A few moths ago I read an article in the Guardian suggesting The Greens were irrelevant, a spent force in Australian politics.
I begged to differ and wrote this comment in reply:
Sure, the Greens have made some mistakes – show me a political party who hasn’t? Anyone recall how WorkChoices took down a sitting Prime Minister or the mindless destructiveness of the Labor leadership struggle?
No matter what they do, the cards are deliberately stacked against the Greens by the mainstream parties and a complicit media. As are all attacks against any party or individual that poses a threat to the established structure as defined by the Lib/Lab duopoly.
If the Greens stand firm on an issue, they are attacked as ideologues who place the environment above the economy and jobs. But when they take a pragmatic stance and support a less progressive policy they are accused of being sell-outs. When they take on big issues such as climate change they are cast as unrealistic idealists, but when they shift downward to smaller issues like gay marriage, they are said to said to lack vision of big issues.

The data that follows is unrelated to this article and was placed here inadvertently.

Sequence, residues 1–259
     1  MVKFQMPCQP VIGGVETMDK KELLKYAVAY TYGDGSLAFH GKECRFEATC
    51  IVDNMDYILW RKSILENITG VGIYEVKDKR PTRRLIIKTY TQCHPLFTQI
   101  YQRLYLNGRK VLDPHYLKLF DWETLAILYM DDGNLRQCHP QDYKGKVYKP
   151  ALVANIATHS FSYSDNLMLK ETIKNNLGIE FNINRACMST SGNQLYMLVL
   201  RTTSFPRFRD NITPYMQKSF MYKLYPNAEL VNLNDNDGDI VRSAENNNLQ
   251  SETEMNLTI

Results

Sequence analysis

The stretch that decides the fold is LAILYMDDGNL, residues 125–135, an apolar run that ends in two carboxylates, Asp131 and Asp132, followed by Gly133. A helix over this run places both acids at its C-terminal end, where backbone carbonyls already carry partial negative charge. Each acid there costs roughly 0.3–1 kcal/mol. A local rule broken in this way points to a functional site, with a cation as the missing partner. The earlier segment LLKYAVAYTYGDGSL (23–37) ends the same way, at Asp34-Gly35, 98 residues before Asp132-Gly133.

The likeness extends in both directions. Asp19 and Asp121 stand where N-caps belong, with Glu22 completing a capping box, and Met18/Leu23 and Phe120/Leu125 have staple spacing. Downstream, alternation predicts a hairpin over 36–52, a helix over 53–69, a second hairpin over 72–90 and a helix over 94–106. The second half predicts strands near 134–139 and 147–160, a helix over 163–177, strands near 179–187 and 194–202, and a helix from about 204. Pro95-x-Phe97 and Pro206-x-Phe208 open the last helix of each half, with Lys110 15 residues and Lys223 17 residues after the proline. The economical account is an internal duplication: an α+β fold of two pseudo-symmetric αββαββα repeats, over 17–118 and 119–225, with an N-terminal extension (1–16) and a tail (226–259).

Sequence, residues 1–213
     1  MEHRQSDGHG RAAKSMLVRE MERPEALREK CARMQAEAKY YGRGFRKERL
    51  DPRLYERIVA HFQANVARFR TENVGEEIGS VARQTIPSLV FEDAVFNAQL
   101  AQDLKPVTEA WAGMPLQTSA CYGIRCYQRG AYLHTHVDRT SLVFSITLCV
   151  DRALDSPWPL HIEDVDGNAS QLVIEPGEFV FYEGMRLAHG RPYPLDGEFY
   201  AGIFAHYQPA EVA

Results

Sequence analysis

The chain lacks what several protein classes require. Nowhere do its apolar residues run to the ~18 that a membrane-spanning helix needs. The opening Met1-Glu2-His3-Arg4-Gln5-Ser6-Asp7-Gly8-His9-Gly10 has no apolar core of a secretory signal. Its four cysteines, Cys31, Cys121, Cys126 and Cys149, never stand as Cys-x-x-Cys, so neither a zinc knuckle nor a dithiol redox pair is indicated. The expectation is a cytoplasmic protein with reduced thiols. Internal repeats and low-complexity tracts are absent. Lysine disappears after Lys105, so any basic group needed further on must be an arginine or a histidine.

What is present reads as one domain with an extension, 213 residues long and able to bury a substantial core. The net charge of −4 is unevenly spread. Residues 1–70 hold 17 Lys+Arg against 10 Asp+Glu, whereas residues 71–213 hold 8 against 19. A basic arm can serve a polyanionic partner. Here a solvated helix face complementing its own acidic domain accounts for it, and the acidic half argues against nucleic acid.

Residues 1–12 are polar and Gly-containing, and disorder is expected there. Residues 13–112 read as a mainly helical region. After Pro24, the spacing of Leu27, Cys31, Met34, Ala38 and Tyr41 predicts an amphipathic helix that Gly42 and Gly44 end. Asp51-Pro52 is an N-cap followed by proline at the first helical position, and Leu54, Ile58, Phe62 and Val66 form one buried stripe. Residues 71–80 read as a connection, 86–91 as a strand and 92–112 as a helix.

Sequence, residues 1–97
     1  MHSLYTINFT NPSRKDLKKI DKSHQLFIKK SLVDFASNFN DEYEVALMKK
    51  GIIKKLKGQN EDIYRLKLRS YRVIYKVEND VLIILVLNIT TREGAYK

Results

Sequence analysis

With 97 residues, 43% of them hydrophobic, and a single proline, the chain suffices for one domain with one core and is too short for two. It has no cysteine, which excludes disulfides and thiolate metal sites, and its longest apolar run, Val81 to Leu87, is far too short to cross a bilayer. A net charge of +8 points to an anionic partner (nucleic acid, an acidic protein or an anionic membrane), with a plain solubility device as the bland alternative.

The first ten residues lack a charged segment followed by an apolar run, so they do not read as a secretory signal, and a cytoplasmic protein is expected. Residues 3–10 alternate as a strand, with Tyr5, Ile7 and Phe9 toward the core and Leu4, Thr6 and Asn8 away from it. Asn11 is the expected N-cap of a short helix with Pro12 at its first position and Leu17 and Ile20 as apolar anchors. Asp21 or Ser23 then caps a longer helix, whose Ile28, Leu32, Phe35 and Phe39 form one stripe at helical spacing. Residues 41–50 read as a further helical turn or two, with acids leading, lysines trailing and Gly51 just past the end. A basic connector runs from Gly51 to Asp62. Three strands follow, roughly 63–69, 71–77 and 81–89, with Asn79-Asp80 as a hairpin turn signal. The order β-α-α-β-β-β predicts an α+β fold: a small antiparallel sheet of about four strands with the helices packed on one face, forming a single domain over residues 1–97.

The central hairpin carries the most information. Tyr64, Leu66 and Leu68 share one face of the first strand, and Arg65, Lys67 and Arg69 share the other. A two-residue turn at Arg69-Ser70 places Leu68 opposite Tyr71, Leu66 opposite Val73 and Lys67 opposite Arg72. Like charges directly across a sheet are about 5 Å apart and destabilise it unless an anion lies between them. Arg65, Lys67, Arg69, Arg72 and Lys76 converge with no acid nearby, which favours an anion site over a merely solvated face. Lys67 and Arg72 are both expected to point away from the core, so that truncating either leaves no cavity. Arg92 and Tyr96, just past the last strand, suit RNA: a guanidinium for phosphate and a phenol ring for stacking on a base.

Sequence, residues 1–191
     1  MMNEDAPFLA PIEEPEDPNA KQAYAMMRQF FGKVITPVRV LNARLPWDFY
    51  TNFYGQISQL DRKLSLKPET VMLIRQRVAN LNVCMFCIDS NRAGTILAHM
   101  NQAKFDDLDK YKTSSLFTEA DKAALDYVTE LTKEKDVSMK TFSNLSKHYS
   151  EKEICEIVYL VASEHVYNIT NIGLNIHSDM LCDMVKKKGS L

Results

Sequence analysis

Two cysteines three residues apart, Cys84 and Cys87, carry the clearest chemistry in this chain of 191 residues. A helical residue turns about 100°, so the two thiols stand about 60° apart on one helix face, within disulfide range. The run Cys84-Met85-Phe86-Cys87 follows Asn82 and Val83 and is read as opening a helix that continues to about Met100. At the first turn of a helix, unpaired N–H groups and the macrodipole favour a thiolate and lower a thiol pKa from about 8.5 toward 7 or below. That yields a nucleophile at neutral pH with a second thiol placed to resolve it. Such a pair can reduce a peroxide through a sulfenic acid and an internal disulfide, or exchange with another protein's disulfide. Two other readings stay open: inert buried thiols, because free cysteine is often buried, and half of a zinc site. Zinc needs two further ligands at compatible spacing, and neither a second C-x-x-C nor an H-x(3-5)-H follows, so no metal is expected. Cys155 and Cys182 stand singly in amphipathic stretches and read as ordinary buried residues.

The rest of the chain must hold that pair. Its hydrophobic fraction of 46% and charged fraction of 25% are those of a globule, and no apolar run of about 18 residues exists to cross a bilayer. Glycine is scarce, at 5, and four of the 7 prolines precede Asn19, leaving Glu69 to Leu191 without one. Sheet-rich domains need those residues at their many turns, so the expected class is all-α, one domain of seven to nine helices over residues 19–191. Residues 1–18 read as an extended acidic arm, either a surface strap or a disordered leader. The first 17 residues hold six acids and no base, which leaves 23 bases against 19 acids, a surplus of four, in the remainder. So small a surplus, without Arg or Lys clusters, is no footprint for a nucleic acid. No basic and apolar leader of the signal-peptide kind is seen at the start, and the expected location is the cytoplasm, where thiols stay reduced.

To me, the Greens stand as the only viable choice for those of us with a humanistic view, who sit left of centre.
As the Lib/Lab duopoly lurch further and further to the right, I find myself in a state of constant frustration and aggravation with our current governmental structure, with nobody apart from the Greens prepared to stand and represent my views and ideals in the mainstream political sphere.
While I may never fully agree with all of their policies (show me any party that perfectly fits an individual’s beliefs), the vast bulk of the Greens policies fit neatly within my viewpoint, principally;
– That the economy should work to benefit all members of society, not just a select few. Therefore the economy should be directed to achieve the aims of society as a whole, rather than as a means for a small group to accumulate disproportionate wealth, at the expense of everyone else.
– That our shared environment is is paramount because sustains us all – without access to food, clean water, and a safe, secure environment, we all suffer. Therefore it should be a major consideration in all planning, developments and discussions.
– That equity is vital for society to progress. Access to quality health and education, basic rights and protections and resources is a right of every member of society. That in the richest nation on Earth, we should not have a sub-class of people left unsupported. That we all have a duty of care to pay according to our means toward supporting every member of society that they too may contribute to the best of their ability, because in doing so we all benefit.
The Greens espouse these values far more than either of the Libs or Labor, and while they continue to do so, they will have my unequivocal support.